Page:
Tuesday, August 9, 2011

To collect popular stories is either a most difficult or a most easy task. Everybody who finds nothing better to do thinks he is able at least to write down the stories which his nurse has told him. But this, you know, is a great mistake. First of all, not every story that an old woman may tell deserves to be written down and printed. There is a particular earthy flavour about the genuine home-grown, or, if I may say so, autochthonic Marchen - something like the flavour of the dark-red wild strawberry - which we must learn to appreciate before we can tell whether a story is old or new, genuine or made-up; whether it comes, in fact, from the forest or from the hothouse. This is a matter of taste; but, as tasters of wine or tea will tell you, even taste can be acquired. - F Max Muller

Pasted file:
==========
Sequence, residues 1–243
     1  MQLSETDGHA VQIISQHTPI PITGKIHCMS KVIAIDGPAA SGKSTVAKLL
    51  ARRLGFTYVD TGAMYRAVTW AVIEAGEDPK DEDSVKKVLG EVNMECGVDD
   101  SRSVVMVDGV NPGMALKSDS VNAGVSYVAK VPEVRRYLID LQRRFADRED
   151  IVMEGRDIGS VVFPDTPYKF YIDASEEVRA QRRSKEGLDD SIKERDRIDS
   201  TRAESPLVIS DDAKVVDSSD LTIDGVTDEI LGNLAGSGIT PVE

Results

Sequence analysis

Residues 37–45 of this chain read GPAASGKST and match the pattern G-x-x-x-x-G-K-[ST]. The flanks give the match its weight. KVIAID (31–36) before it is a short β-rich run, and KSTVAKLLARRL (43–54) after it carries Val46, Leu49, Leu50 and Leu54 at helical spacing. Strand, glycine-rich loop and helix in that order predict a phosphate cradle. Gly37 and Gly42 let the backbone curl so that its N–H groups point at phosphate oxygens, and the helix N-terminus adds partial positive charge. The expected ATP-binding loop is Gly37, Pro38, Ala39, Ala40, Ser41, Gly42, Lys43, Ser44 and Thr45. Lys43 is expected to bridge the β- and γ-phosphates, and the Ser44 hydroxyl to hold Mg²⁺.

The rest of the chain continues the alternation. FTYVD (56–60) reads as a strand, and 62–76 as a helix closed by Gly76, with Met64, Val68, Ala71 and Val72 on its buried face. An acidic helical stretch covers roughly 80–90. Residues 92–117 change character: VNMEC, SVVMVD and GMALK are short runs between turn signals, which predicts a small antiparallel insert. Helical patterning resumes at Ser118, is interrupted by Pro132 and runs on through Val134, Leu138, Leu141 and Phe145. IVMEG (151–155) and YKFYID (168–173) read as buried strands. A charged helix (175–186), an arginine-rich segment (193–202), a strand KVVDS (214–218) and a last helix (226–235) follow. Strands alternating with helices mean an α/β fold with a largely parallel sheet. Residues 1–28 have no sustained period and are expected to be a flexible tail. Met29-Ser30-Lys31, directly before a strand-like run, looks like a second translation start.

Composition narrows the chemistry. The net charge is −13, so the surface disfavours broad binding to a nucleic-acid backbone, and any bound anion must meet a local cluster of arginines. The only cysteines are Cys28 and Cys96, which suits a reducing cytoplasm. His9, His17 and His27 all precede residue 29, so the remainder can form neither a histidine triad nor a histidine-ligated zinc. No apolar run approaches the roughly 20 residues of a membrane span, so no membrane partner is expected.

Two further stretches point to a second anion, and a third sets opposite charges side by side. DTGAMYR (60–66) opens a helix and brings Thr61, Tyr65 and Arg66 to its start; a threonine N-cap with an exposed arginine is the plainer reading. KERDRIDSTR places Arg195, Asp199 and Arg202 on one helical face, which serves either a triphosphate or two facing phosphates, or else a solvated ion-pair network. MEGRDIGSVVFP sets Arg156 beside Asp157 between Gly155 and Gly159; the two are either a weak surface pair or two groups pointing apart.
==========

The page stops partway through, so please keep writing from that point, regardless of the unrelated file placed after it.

Thursday, August 4, 2011

'The picture showman has thrived throughout Indian history..We know the social (namely, low), economic (poor), and religious (lay) status of Indian picture reciters. ..More important, we have learned that they are normally illiterate, that the shape of their narratives is determined by various oral and pictorial formulaic devices, and the printed versions of their tales are the products of local scribes and publishers.' - Victor H. Mair in Tʼang transformation texts.
'One of the most common critiques of folktales once they are written down is that they lose their vibrancy as stories because they have been taken out of an interactive sphere. Oral, performed renditions of tales contain elements that written tales cannot possess.' - Amie A. Doughty in Folktales retold: a critical overview of stories updated for children